Tuesday, November 15, 2016

How to Create a Turducken

by Rose A. Valenta

   Since hunting season is fast approaching and the holidays are not far off, old timers and senior sports enthusiasts have been writing to me asking about the newfangled holiday bird dubbed “Turducken.”  One gentleman wanted to know if it involved a mid-air collision and what weapon was required to hunt the thing down. Five written letters and some emails later, I realized that not many people are familiar with the beast at all; so, I decided to document a process far less complicated than tracking down Sasquatch. 

   My beta test went well; I suffered only minor burns and splinters. During the next two attempts, there were no injuries and the turducken was delicious.
   I sent each person, who wrote to me, the following information and share it with you here:
   The word “turducken” itself is a recent addition to the American vocabulary and culture. It can mean one of two things:
1. A popular, but ghastly holiday feast where a duck is stuffed into a turkey and a chicken is stuffed into the duck; or
2. As a simile, a plan that is rather futile or unnecessary.
   I have experienced both scenarios and will address them simultaneously.
Required Tools and Ingredients:
1 slightly greased, fully equipped QF 25-pounder Howitzer cannon.
1 roll of duct tape.
1 steel tripod, set up at 100 yards in front of the Howitzer.
1 cleaned and plucked 25 lb. turkey, firmly mounted on the tripod in “tee-off” position (i.e., backside facing the Howitzer with knees slightly bent).
1 9 lb. lame duck seized and bound into the shape of a cannon ball - tail up.
2 live 3 lb. chickens (you really only need one, the backup is necessary in case the first little bugger misses its target).
1 blowtorch, used to sear any unlikely remaining feathers.
1 half cup of homemade gunpowder (15% Charcoal, 10% Sulphur and 75% Potassium Nitrate combined in that order, and milled for 24 hours).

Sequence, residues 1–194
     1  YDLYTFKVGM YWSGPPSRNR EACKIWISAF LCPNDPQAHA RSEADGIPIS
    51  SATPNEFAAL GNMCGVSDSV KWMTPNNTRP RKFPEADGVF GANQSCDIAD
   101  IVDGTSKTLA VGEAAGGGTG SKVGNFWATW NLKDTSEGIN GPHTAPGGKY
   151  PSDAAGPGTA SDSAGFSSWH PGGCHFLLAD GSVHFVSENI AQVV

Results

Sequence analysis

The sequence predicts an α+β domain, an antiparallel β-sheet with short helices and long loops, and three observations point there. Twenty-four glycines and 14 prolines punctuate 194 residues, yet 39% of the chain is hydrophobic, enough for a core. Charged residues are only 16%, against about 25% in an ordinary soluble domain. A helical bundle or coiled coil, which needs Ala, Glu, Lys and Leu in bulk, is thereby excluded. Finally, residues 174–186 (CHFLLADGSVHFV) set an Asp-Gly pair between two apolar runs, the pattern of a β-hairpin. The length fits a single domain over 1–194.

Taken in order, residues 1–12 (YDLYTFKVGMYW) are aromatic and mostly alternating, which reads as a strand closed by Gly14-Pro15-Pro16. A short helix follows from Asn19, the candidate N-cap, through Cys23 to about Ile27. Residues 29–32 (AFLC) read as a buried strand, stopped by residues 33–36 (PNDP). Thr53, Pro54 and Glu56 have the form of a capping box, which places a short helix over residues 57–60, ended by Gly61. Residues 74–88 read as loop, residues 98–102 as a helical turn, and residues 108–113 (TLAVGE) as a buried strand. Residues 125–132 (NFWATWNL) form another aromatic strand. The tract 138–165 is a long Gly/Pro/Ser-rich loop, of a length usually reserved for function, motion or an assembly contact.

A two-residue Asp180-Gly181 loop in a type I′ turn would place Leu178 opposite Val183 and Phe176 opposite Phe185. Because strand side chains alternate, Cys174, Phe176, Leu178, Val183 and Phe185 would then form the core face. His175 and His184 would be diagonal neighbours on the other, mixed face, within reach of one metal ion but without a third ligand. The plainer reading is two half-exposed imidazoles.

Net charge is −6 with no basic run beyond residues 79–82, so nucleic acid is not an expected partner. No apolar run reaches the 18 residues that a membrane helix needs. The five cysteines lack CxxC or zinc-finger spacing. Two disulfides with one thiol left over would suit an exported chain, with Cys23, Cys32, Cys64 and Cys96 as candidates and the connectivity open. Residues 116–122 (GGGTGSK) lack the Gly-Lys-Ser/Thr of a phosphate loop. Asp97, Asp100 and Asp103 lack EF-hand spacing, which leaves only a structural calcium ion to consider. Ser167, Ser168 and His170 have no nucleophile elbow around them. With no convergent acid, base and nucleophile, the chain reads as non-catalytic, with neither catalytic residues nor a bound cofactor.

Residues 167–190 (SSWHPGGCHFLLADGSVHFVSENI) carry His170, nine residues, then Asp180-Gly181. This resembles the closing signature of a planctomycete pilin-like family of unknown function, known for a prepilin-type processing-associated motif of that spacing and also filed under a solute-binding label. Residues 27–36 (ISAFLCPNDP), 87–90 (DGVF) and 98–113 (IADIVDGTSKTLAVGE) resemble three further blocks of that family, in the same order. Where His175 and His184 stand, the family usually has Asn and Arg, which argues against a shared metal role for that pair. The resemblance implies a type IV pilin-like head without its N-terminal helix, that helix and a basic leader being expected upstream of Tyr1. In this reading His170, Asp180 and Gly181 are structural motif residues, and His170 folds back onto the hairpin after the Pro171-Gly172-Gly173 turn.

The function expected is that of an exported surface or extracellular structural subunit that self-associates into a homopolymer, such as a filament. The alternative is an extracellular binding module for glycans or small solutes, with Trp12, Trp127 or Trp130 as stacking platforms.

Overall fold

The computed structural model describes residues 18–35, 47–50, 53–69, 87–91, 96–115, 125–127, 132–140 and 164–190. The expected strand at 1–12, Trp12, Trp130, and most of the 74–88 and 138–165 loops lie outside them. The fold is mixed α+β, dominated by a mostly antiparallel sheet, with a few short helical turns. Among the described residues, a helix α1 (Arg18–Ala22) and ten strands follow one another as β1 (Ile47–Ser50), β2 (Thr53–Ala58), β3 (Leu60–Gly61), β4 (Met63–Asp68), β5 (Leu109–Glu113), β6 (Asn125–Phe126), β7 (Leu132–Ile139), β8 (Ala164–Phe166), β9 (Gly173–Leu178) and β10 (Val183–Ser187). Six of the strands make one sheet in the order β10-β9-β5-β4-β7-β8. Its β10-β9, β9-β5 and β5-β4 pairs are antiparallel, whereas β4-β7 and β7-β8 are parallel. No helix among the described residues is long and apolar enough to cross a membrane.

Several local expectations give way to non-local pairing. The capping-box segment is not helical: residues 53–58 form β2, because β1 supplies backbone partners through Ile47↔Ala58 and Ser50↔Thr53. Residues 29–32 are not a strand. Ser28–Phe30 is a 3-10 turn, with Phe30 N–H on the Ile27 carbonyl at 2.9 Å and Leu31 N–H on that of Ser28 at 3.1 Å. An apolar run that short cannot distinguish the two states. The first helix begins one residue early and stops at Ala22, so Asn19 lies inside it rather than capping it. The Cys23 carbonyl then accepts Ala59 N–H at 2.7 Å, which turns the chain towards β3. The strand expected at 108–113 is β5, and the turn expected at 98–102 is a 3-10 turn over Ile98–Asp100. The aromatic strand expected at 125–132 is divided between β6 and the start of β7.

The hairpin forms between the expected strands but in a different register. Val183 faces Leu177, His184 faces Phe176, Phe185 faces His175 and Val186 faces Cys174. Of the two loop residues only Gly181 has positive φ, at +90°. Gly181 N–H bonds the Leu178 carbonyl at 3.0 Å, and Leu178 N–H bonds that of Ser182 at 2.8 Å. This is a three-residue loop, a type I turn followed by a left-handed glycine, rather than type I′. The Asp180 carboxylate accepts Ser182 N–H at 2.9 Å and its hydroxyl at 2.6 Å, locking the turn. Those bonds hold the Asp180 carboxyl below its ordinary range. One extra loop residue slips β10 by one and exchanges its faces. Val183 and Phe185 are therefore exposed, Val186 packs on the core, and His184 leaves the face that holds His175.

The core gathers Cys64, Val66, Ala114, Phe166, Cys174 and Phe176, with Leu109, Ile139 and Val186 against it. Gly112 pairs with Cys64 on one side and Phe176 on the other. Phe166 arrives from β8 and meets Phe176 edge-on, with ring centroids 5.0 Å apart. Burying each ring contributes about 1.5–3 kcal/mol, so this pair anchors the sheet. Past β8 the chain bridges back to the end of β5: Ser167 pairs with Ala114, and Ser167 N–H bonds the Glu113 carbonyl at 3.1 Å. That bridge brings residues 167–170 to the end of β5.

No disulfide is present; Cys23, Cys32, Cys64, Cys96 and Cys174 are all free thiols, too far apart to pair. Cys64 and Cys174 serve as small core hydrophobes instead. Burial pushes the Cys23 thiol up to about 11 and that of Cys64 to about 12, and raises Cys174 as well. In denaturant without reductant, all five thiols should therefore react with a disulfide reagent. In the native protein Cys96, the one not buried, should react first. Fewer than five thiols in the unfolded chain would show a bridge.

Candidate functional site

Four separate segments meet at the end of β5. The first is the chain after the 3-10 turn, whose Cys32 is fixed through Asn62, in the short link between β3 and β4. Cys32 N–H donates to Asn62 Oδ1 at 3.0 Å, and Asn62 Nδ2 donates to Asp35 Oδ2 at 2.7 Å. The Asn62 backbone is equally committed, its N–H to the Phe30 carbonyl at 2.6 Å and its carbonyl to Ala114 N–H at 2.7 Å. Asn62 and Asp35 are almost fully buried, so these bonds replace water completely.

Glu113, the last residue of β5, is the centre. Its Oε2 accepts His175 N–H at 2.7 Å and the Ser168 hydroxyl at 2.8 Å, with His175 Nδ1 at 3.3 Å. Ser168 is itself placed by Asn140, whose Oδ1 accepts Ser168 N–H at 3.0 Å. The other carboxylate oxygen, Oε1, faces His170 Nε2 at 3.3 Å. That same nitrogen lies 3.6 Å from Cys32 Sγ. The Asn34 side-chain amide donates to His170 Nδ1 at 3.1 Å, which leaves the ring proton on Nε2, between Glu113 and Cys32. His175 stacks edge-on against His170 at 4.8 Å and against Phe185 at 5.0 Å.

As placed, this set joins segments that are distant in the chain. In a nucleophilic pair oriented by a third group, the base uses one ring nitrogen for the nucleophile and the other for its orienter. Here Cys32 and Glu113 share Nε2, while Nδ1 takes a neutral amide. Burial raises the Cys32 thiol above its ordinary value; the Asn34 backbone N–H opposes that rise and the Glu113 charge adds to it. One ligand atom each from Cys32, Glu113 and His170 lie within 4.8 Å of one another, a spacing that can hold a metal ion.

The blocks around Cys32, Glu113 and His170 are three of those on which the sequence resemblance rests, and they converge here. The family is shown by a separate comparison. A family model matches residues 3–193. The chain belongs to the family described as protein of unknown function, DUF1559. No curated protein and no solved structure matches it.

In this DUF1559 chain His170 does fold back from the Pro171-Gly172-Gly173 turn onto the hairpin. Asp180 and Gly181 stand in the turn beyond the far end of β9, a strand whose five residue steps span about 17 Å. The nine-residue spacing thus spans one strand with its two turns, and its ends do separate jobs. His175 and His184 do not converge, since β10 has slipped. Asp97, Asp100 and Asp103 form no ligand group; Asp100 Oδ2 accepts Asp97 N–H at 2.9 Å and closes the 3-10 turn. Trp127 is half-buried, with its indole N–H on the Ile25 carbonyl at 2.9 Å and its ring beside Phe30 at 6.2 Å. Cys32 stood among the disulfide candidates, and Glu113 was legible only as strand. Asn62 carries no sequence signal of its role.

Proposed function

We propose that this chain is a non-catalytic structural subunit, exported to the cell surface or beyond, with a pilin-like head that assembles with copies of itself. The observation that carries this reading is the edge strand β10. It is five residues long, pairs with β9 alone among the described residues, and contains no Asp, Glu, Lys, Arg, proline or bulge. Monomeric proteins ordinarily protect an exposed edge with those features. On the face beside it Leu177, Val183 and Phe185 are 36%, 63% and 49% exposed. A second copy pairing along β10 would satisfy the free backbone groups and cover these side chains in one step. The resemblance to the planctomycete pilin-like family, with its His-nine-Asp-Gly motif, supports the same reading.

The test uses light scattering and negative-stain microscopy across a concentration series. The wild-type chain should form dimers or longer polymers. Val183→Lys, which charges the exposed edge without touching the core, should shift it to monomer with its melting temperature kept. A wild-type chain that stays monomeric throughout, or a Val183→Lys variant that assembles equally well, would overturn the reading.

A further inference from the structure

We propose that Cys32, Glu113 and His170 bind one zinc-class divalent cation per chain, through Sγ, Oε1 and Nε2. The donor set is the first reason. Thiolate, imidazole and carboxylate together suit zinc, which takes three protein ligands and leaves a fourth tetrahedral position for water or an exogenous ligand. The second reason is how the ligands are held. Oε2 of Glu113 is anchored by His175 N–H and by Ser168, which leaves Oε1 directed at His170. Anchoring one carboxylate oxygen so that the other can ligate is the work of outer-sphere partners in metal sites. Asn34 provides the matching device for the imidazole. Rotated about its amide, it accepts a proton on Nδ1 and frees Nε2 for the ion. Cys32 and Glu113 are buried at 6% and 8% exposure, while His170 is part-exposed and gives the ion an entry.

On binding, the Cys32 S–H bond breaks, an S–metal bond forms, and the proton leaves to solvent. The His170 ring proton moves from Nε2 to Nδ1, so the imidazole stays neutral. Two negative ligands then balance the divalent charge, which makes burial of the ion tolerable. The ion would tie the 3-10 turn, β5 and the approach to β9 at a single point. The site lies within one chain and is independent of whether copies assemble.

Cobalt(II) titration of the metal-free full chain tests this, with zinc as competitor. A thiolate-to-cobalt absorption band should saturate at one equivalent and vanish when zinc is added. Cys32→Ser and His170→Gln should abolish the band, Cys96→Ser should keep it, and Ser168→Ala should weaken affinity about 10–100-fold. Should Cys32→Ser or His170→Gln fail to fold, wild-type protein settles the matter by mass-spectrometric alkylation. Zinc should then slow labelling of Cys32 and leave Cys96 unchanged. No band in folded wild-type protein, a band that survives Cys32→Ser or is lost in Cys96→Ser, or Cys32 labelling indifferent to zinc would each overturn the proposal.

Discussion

1 first-aid kit.
1 greased 48” x 72” wooden ramp.
1 bottle of Cognac (to drink while following the process).

   You will need the assistance of an unemployed Sumo Wrestler to load and unload the cannon.  Pay him minimum wage – no benefits. This is very expensive if you happen to live in the District of Columbia, where minimum wage is at an all-time high of $11.50, as opposed to the other U.S. States that are still allowing slave labor at $7.92. Whatever you do, don't seek him in the $15 picket lines.

   Using the wooden ramp, pile all of the tools and ingredients into a rented U-Haul truck, drive about 100 miles away from civilization, and park. 

   Throwback a shot of Cognac.

   After about three hours of tugging and pushing, the cannon will eventually slide down the wooden ramp and be removed from the truck. Set the cannon up at a 25-degree angle.

     Throwback a shot of Cognac.

   Get the tripod and turkey, walk 100 paces in front of the Howitzer, and secure the tripod to the nearest tree. Next, mount the turkey to the tripod in “tee-off” position. Secure the turkey with duct tape. Walk back and sight the Howitzer, aiming directly at the part of the turkey that goes over the fence last, or as it is known in some circles “the Pope’s nose.”

   Put three tablespoons of gunpowder into the cannon and insert the duck - tail first.

   Fire when ready.

   Throwback a shot of Cognac.

   Assuming that the duck is on target, reload by putting two tablespoons of gunpowder into the cannon and toss in one of the panic-stricken chickens.

   Fire when ready.

  Throwback a shot of Cognac.

   If the first little bugger has missed, put two more tablespoons of gunpowder into the cannon and toss in the other chicken, if it hasn’t already scared itself to death.

   Fire when ready.

   Throwback a shot of Cognac.

   At this point, if there are any ruffled feathers sticking out of the turducken, you may sear them with the blow torch. However, the entire process usually eliminates bones and feathers.

   Gather up all the remaining tools and ingredients; put them back into the truck and drive back home.

   If there are any gaps or holes in the bird, you may fill them with the Swedish Chef’s recipe for smashed potato and onion stuffing.

   Roast the anomaly for eight hours in a 350-degree oven.

   Finish the remaining Cognac in front of a nice warm fire.

   The good news about this exercise in futility is that if it was not quite successful and there is a bloody mess on your hands, you are now drunk and do not care; plus, you still end up with a turducken of sorts (see definition 2 above).

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